New Jersey Adopts Series of Changes for Corporations
By: Michael Psathas
The state of New Jersey recently amended its corporate laws under the New Jersey Business Corporation Act (NJBCA) in an effort to provide clarity for companies incorporated within the state. The changes closely align with Delaware law and provide guidance to business owners on a host of important issues concerning the operations of corporations. The changes became effective on January 16, 2018. Below is a brief summary of some of the more significant changes:
- Corporate directors may use “electronic transmission” (e.g., email) to approve actions by unanimous written consent. This amendment codifies the generally accepted practice of using email to approve actions by corporate boards.
- The bylaws of a corporation may include a forum selection clause requiring certain types of cases to be litigated in New Jersey federal or state courts. This provision is significant because it has the potential to drastically reduce the costs and burdens of certain litigations that would otherwise be brought in another state.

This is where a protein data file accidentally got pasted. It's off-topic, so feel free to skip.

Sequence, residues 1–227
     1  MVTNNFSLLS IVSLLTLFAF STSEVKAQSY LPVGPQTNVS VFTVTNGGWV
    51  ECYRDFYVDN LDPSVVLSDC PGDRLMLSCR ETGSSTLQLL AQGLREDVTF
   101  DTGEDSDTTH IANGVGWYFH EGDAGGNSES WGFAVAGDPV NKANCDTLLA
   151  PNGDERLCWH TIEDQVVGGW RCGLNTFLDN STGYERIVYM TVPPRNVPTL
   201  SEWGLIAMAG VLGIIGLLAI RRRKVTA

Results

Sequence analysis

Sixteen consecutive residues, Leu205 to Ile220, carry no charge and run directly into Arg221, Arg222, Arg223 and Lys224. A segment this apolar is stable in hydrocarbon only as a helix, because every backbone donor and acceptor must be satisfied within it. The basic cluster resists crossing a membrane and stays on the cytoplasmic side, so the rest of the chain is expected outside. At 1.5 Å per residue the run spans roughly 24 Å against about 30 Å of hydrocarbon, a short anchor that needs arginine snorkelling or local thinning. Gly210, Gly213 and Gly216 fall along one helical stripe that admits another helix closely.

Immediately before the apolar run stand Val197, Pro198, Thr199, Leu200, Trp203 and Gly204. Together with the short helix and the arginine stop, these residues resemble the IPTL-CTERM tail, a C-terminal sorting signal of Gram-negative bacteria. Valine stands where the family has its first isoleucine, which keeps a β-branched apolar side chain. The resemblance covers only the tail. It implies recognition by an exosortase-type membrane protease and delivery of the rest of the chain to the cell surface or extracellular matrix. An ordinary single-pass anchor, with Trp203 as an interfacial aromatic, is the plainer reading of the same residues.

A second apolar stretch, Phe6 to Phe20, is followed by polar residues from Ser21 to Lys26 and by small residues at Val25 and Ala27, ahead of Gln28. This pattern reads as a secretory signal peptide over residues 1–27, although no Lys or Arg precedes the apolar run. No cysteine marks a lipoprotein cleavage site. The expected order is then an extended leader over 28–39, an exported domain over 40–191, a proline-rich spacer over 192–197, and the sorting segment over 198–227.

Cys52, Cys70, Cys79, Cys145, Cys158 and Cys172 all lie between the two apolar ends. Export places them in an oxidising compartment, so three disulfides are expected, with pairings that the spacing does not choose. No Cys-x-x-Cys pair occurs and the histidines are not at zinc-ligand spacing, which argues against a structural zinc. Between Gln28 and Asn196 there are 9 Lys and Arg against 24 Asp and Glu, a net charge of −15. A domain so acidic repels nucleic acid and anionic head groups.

- The bylaws of a corporation may now contain any provision that is “not inconsistent with law or certificate of incorporation.” This provision clarifies the scope of bylaws in New Jersey and generally reflects accepted norms under Delaware law.
- A corporation may establish through its bylaws “procedures or conditions” under which certain material, with respect to shareholder-nominated individuals, will be included in the company’s proxy solicitation materials. For example, a company may include conditions limiting nominations of directors who have previously served on the board.
We will continue to monitor updates to the NJBCA, the New Jersey Revised Uniform Limited Liability Company Act and the New Jersey Uniform Partnership Act.